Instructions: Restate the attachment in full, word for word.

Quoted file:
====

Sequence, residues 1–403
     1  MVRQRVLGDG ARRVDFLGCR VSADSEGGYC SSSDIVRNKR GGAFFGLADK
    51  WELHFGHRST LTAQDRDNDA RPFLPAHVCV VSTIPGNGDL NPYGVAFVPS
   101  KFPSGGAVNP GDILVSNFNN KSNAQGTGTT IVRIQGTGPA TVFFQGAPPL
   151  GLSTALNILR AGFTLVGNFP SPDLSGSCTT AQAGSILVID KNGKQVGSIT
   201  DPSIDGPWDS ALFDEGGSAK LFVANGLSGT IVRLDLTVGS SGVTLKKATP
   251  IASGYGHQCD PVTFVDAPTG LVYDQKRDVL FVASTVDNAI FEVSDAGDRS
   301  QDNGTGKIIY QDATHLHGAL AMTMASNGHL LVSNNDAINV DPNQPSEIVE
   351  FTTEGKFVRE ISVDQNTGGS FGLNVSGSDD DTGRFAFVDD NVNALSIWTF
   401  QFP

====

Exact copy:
Sequence, residues 1–403
     1  MVRQRVLGDG ARRVDFLGCR VSADSEGGYC SSSDIVRNKR GGAFFGLADK
    51  WELHFGHRST LTAQDRDNDA RPFLPAHVCV VSTIPGNGDL NPYGVAFVPS
   101  KFPSGGAVNP GDILVSNFNN KSNAQGTGTT IVRIQGTGPA TVFFQGAPPL
   151  GLSTALNILR AGFTLVGNFP SPDLSGSCTT AQAGSILVID KNGKQVGSIT
   201  DPSIDGPWDS ALFDEGGSAK LFVANGLSGT IVRLDLTVGS SGVTLKKATP
   251  IASGYGHQCD PVTFVDAPTG LVYDQKRDVL FVASTVDNAI FEVSDAGDRS
   301  QDNGTGKIIY QDATHLHGAL AMTMASNGHL LVSNNDAINV DPNQPSEIVE
   351  FTTEGKFVRE ISVDQNTGGS FGLNVSGSDD DTGRFAFVDD NVNALSIWTF
   401  QFP